When we develop curriculum in schools, we’re saying “scope and sequence,” to mean the progression of learning experiences we design for our students. The term “scope and sequence” suggests that learning is a linear progression from a beginning point, through a series of points, ending at a particular point.
This linear model might have evolved from the industrial model of education so well illustrated by Sir Ken Robinson’s TEDtalk, animated by RSA. Because students are processed in batches through schooling, it might have happened that educators developing programmes of learning sequenced learning in a linear manner associated with grade levels.
But what if learning were not linear? What if each student has different times of readiness for different skills regardless of when he or she was born, which Sir Ken Robinson calls their “date of manufacture”?
This was the problem with the previous misunderstanding that the Approaches to Learning document in schools had to follow the format of a complicated matrix, wherein skills were mapped out as introduced and various points of proficiency and mastery indicated throughout the chart. The question still remains, if approaches to learning skills are mapped out in a linear fashion much like many of our ATL SLE charts in the past did, how do we account for students’ different times of readiness for different skills? Do we build a three- or four-dimensional matrix?
Kath Murdoch, writing about the inquiry learning approach, suggests that when students learn through the recursive inquiry cycles, we take into account each student’s thinking and learning process as their pathways to understanding. Inquiry approaches allow each learner entry points to understanding, and the teacher is able to facilitate how each student can follow individual pathways to understanding and skill acquisition in the learning process. The inquiry approach allows us to orchestrate learning; everyone has their preferred instrument to play, and they all come in to the song at different times, but together they play towards a collaborative harmony.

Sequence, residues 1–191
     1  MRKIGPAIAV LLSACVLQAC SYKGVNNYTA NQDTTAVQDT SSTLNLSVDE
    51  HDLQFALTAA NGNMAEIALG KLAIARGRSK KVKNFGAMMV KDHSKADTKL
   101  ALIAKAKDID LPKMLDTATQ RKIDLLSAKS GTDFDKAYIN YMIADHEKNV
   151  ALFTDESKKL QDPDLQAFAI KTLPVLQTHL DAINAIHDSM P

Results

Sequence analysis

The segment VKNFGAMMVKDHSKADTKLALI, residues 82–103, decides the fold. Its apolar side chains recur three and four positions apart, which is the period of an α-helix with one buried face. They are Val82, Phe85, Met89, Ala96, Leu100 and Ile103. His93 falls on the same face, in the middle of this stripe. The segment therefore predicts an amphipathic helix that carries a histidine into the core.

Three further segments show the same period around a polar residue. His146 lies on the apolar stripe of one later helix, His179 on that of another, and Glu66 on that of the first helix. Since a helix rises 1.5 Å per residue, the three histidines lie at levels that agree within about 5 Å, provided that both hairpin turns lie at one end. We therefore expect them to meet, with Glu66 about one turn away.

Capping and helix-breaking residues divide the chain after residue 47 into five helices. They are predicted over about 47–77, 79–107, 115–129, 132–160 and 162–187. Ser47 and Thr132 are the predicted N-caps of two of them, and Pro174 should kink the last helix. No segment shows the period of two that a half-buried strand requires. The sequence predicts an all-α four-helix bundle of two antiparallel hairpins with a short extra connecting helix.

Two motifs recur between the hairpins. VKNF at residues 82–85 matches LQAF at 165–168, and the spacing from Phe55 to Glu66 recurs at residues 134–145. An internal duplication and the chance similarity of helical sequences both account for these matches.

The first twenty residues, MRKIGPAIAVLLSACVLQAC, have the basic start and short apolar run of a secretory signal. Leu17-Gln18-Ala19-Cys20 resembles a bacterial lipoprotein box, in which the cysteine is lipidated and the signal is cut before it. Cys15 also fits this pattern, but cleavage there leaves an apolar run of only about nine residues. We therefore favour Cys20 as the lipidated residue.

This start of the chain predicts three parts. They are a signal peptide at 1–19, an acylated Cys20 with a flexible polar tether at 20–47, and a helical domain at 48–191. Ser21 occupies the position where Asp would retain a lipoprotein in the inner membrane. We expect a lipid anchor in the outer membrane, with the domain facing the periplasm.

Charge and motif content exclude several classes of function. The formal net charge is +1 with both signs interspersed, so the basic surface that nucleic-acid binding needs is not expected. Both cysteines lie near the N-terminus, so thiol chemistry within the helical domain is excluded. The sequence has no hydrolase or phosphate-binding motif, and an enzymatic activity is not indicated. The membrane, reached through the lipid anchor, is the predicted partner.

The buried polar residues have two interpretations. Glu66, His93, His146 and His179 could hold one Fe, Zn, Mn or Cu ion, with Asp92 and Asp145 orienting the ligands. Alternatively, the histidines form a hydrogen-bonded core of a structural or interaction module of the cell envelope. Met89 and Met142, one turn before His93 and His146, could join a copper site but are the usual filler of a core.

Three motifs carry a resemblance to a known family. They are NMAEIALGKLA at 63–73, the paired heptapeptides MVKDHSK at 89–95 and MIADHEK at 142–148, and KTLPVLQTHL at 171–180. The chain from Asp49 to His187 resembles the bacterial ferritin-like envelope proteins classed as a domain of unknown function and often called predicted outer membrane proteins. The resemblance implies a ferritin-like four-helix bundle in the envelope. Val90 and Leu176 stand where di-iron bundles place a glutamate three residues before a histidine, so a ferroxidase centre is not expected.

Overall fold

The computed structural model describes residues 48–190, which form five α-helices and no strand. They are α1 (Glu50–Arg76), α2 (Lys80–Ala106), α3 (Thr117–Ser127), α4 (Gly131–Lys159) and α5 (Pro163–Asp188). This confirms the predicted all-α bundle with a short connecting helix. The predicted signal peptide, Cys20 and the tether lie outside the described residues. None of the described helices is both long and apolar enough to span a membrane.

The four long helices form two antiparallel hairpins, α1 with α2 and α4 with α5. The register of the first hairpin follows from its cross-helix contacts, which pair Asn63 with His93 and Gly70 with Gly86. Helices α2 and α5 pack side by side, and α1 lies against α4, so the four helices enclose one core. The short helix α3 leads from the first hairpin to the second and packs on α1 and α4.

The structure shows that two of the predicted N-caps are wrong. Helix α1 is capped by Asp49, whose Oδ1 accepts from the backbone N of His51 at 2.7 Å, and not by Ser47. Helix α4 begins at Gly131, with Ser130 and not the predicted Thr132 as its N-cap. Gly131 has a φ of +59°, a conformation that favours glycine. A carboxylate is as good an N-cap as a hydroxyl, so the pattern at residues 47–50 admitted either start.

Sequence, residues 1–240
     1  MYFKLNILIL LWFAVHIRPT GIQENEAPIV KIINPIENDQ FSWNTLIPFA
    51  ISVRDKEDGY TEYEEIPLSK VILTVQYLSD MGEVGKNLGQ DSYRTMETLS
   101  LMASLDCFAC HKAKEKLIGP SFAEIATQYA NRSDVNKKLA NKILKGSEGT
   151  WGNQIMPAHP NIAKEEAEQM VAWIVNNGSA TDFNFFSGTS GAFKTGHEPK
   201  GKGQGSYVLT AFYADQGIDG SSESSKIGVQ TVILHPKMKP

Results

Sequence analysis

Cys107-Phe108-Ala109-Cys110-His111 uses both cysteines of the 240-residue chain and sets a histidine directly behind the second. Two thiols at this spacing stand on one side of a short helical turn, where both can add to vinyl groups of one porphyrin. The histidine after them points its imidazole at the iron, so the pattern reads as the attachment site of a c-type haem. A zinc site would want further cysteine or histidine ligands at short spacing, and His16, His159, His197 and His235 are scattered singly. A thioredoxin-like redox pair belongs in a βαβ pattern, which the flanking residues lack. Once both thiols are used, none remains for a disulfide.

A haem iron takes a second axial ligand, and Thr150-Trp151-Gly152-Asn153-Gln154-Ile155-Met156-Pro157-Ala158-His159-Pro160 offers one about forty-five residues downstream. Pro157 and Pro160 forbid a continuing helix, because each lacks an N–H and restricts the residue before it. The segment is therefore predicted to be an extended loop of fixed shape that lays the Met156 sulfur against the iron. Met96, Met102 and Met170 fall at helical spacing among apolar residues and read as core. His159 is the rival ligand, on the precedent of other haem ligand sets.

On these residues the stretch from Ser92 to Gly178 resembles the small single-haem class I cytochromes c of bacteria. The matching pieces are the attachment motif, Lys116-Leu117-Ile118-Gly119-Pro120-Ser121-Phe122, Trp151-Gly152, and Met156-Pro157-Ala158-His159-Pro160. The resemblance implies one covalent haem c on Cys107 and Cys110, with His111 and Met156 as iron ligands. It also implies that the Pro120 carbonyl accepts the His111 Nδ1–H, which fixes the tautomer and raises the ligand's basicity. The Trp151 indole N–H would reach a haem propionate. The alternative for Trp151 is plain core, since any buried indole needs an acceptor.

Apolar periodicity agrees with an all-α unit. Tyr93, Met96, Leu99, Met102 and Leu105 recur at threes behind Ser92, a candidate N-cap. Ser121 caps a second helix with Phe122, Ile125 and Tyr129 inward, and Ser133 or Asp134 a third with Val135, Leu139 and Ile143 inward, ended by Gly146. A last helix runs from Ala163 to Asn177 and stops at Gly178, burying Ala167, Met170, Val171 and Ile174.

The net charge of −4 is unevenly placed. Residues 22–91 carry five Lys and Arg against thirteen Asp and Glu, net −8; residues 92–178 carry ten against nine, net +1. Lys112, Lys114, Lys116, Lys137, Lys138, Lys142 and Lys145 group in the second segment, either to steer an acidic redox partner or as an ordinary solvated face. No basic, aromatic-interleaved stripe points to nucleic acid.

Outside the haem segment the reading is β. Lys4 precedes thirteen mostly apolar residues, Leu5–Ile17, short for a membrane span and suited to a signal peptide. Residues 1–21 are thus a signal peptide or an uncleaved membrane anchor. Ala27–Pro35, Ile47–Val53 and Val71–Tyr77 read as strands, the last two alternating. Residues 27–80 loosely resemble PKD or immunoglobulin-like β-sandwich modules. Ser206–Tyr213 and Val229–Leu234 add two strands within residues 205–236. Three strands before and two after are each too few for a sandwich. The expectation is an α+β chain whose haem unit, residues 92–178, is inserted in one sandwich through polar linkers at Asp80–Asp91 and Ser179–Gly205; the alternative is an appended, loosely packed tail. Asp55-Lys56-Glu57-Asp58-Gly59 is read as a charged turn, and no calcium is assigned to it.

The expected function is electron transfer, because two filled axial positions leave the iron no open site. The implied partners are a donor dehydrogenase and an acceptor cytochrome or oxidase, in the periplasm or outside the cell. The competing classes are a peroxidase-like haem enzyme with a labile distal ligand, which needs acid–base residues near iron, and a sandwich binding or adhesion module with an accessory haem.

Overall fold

The inquiry approach allows us to follow a recursive, rather than a linear model for learning. This pedagogical construct is an underpinning approach to teaching and learning in the IB.
If learning is constructed through recursive inquiries, how do we address this non-linear curriculum?
Consider our curriculum framework for the continuum. The continuum framework involves a spiraling through concepts, from large macro-concepts in the PYP, into more specific concepts in the MYP, involving both interdisciplinary key concepts and disciplinary related concepts. As students spiral through the conceptual curriculum, they gain depth through the threads of macro-concepts, and they gain breadth by exploring relationships between the interdisciplinary key concepts through the disciplinary related concepts. See the example in the illustration below.
Similarly, there is a recursive spiral of approaches to learning skills in the continuum. If we take just one skill: analyse, we are able to see the spiral of this skill in the continuum’s programme of inquiry.
The curriculum might not be linear after all. Learning in the continuum follows this recursive inquiry cycle.
The suggestion here is that there are mini-curriculum cycles in the units we teach, and we use the inquiry cycles to spiral through conceptual understanding and skill acquisition and rehearsal in the unit.
As we move into the subject overview, we might find that the units spiral learning through the conceptual and skills framework in tandem, through the use of a learning cycle in the subject.
If we connect all the subject overviews and tease out the conceptual threads and skills development threads out of these, we may find ourselves creating a spiraling curriculum, delivered through inquiry and constructivist approaches, inclusive of and providing multiple pathways to understanding and mastery for all learners.
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